We love a good pork sausage, but there are times when you have to seek other options. Whether you have severe dietary restrictions or you’re just trying to find a healthier alternative, we’re here to provide you with the ins and outs of non pork sausage.
Non Pork Sausage
Alternatives to pork sausage include ground meat products made from chicken, turkey, beef, and lamb. Sausages don’t even have to be made from ground meat—it’s possible to create a plant-based alternative using ingredients like beans, eggplant, mushrooms, and soy. Homemade sausage is nearly always a better choice than store-bought brands.
About Pork Sausage
The majority of the sausage you’ll find in the supermarket is made from ground pork. The product is made by grinding fresh pork along with plenty of fat—usually a blend of 80 percent meat to 20 percent fat, or a 75/25 blend for an especially juicy sausage.
Commercially prepared sausage is usually packed with fillers and preservatives in addition to the spices that give it its flavor. That’s why we prefer to make our own whenever we have the time and the proper ingredients.
You can stuff your homemade sausage into casings to help it keep a uniform shape. This is especially useful when you intend to cook the sausages on the grill. Natural casings are preferable, but artificial casings will give the sausages a more impressive appearance.
Some sausages are smoked or cured before they’re packaged for sale. In these cases, you only need to reheat the product to about 145 degrees Fahrenheit.
Fresh sausages, including the homemade variety, need to be fully cooked before you can enjoy them. All ground meat products should be cooked to an internal temperature of 160 degrees in order to destroy any potentially dangerous bacteria.
Can You Substitute Non Pork Sausage In Recipes?
Absolutely. Most of the time, you can substitute a type of non pork sausage for pork sausage without even noticing the difference. Even if you can discern a slight shift in the flavor and texture of the meat, it shouldn’t have a negative effect on the dish.
While lean pork is considered a healthy alternative to beef, pork sausage is another story. The ground meat requires a hearty dose of fat in order to be palatable. When sausage is too lean, it has a dry, crumbly texture.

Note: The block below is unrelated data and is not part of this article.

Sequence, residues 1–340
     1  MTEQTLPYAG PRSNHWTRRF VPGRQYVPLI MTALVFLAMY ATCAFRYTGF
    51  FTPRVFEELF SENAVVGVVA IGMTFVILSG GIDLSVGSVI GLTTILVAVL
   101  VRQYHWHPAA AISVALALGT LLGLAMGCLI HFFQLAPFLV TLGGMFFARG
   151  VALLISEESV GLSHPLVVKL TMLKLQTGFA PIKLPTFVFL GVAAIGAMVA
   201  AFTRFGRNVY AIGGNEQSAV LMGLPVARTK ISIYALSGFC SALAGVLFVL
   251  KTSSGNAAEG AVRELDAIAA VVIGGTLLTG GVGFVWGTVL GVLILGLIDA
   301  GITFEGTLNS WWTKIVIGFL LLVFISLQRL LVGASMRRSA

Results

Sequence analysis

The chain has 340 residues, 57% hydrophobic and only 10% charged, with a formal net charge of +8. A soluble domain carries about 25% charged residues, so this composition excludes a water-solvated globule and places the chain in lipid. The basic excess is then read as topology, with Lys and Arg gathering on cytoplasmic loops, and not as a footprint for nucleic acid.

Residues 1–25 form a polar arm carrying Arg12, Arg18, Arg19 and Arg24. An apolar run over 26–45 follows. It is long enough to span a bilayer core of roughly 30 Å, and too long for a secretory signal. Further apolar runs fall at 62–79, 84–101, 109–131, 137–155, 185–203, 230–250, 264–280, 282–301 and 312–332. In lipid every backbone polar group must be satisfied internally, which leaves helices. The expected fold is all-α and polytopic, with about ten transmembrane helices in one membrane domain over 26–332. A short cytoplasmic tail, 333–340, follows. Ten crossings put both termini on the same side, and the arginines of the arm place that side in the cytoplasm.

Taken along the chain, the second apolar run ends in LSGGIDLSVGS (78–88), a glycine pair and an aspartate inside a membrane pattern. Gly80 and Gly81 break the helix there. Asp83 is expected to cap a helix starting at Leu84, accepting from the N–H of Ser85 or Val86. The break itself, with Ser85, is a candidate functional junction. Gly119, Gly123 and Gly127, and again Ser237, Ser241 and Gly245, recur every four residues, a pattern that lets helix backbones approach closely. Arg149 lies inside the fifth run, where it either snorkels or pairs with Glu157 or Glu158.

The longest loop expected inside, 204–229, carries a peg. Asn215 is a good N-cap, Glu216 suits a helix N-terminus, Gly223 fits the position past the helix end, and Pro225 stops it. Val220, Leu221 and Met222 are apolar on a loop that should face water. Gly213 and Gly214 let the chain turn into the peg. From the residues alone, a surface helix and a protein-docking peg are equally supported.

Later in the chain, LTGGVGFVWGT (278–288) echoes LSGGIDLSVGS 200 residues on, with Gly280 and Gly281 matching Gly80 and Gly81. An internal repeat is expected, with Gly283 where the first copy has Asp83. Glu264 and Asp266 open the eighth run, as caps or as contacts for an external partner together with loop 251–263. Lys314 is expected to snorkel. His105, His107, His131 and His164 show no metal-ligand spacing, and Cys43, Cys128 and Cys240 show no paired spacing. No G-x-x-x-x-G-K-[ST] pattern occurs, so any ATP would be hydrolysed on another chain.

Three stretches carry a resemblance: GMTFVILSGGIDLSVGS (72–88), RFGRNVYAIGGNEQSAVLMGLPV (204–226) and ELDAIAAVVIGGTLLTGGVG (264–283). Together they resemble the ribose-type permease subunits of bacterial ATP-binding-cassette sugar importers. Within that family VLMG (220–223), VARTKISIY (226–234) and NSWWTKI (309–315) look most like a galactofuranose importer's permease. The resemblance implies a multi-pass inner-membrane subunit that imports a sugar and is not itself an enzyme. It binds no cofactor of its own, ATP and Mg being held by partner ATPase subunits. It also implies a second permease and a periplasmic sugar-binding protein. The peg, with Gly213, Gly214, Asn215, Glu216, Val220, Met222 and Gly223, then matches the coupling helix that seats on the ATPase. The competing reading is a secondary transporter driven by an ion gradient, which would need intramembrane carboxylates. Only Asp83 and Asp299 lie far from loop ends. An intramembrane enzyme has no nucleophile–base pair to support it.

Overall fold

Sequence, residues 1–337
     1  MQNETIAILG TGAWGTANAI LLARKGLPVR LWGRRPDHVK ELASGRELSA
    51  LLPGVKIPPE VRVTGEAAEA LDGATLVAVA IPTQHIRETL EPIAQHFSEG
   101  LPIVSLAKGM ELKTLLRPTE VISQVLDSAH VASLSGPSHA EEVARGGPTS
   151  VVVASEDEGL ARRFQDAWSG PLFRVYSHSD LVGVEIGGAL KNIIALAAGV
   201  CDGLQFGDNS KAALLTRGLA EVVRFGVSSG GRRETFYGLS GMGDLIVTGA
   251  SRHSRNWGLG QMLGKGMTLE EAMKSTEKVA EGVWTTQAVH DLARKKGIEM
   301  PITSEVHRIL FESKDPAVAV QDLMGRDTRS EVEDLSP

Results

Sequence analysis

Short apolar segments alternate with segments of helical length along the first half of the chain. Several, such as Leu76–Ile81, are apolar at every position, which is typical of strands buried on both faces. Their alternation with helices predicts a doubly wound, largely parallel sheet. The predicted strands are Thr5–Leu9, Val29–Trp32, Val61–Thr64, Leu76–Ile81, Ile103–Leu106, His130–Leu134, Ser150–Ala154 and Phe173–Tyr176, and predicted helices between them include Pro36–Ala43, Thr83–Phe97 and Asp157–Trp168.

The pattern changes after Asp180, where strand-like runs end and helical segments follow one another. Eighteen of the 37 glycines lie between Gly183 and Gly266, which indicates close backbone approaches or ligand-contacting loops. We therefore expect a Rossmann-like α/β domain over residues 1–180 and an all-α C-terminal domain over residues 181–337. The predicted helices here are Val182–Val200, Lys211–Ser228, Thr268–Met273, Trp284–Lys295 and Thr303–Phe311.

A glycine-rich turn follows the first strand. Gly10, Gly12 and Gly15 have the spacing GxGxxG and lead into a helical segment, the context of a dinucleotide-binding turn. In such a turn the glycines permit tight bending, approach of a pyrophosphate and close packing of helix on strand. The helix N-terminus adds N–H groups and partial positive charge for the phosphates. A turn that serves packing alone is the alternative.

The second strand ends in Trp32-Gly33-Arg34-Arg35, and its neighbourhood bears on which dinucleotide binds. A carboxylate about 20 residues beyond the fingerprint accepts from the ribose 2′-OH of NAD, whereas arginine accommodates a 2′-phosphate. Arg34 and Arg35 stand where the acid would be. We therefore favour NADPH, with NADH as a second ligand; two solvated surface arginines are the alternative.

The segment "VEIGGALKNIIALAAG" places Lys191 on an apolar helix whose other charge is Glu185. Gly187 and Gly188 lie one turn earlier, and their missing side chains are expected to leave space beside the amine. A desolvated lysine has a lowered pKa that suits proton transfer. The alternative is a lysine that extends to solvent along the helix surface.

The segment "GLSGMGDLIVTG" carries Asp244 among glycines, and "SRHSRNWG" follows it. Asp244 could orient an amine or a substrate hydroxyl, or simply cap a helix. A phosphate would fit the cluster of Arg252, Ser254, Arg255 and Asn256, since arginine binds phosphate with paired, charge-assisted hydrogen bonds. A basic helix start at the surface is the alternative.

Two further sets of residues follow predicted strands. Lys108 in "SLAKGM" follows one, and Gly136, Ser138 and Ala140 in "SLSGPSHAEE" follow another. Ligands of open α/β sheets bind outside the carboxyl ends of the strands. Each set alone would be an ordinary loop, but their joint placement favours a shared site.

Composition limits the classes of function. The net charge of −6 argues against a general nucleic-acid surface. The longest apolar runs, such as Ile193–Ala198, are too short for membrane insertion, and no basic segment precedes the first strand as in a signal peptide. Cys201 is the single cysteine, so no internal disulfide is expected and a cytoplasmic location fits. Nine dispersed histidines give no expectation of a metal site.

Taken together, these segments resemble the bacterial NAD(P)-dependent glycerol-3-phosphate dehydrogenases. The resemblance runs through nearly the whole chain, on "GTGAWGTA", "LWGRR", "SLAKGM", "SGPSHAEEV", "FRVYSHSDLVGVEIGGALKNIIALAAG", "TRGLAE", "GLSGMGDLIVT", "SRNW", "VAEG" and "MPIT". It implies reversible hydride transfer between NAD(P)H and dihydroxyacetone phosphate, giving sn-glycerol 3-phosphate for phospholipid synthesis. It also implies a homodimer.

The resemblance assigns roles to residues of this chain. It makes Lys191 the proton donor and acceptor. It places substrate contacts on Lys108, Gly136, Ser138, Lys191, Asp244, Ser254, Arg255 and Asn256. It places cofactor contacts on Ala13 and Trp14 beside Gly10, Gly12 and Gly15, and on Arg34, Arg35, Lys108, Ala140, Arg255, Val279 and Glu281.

The sodium content in pork sausage is another worrisome factor. You can offset this issue somewhat by making your own sausage at home, but you’ll still need to add a decent amount of salt, lest you wind up with a bland product.
Alternatives to Pork Sausage
Chicken or turkey sausage is likely the most popular alternative to pork sausage, owing to its mild flavor and reduced fat content. Because lean poultry has very little flavor on its own, it serves as the perfect template for various seasoning blends.
Poultry sausage is typically lower in fat and sodium than pork sausage. This is true even of most commercially prepared brands. You can tailor the recipes to your preference when you make sausage at home.
Since poultry contains less fat than pork as a rule, you will need to boost the fat content a bit when making it from scratch. The end result will still be leaner, but if you don’t add some fat to compensate, the sausage will have the consistency of sawdust.
Let’s say you’re looking for an alternative to pork sausage, but poultry isn’t your thing. Can you use beef sausage as a replacement?
We would argue that it depends on the recipe. Beef sausage has a stronger and richer flavor than pork sausage. It might overpower the other ingredients when used in pasta or risotto dishes.
On the other hand, beef sausages are delicious when prepared over a hot fire and served alongside grilled peppers and onions. There are a number of other ways you can incorporate beef sausage into your menu rotation—even at breakfast time.
This type of sausage is an excellent option if you can’t eat pork for religious reasons, or just don’t care for the taste. However, in addition to its bolder flavor, beef sausage has a couple of other drawbacks.